What you need to know about Windows 10
Were you aware that Windows 10 will be publicly available in Q3 of this year? Here's some of the highlights that you can use to help decide if you should make the switch when Windows 10 releases to market.
1. Simplified desktop experience
One of the major points of frustration with Windows 8 was its "metro" user interface, especially for people working with non-touch-enabled devices. Although the interface worked fairly well for people using mobile devices like the Microsoft Surface, other users (read: the vast majority of corporate users) found the interface and its apps frustrating to use. Microsoft had abandoned the familiar "Start" button in use since Windows 95, which turned out to be too steep of a learning curve. Windows 10 smoothes out this curve by re-introducing the "Start" button, albeit with some enhanced features that give it a significant upgrade. Furthermore, this new "Start" button is adaptable to the type of device you're using. For instance, if using a Windows tablet, the "Start" button will be more touch-friendly, whereas if using a traditional keyboard and mouse setup, the "Start" button will be more conducive to traditional input methods.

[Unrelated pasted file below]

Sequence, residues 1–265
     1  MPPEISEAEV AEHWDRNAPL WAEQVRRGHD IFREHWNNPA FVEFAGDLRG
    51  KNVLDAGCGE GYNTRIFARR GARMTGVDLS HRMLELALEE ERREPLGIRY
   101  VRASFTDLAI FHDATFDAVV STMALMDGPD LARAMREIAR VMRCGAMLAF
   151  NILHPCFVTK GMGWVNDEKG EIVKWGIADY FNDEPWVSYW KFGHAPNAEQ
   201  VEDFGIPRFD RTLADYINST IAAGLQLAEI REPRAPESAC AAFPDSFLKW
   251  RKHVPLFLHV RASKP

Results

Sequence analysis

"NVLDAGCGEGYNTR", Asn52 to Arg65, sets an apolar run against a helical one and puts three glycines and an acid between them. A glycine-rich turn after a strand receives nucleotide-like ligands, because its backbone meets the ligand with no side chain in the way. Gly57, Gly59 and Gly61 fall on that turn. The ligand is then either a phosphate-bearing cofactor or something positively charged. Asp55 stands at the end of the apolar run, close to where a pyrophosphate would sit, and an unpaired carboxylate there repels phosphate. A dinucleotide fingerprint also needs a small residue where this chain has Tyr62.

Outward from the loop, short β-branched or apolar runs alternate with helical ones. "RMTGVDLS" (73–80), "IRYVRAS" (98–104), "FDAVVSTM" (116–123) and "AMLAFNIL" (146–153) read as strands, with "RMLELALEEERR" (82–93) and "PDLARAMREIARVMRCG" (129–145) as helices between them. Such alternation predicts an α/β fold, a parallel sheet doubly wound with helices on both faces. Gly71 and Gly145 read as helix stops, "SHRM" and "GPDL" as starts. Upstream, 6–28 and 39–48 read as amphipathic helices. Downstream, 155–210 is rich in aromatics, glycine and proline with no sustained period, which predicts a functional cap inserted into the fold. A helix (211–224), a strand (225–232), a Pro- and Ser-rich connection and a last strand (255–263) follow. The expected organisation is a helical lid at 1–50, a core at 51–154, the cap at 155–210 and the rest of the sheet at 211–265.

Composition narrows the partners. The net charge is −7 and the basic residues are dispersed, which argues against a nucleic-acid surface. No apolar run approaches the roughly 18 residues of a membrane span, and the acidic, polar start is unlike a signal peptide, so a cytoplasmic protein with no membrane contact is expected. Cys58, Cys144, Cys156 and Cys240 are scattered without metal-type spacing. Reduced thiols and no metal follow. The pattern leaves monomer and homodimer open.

If you are running a device with Windows 7 or later, you can upgrade to Windows 10 for no additional licensing costs for up to a year after Windows 10 is released. This is a fantastic way to immediately start taking advantage of all of the new and exciting features of Windows 10, which are too numerous to be listed here. Here's a nice slideshow of the top features so far.
3. Better sign-in experience
Microsoft recognized that the number of computing devices per user has been on the rise, and also realized that users craved a unified experience across their devices. In an ideal world, this means that the computing experience from my mobile device is similar (or the same as) the experience from my traditional PC. To enable this, Microsoft allowed users to sign into their devices with a "Microsoft Account" and essentially store their computer profile in the cloud.
Although fantastic for consumers, businesses struggled with this, because a "Microsoft Account" is not actually the same as a "Microsoft Office 365" account, meaning that the passwords for these two accounts were not the same. This introduced quite a bit of end-user and IT administrator frustration. HOWEVER, Windows 10 intends to address this problem by allowing users to log into their devices using their Office 365 accounts.
For a little more information, check out Kyle Swanda's post at Authos.net.
written by: Jake Molko - 5/14/2015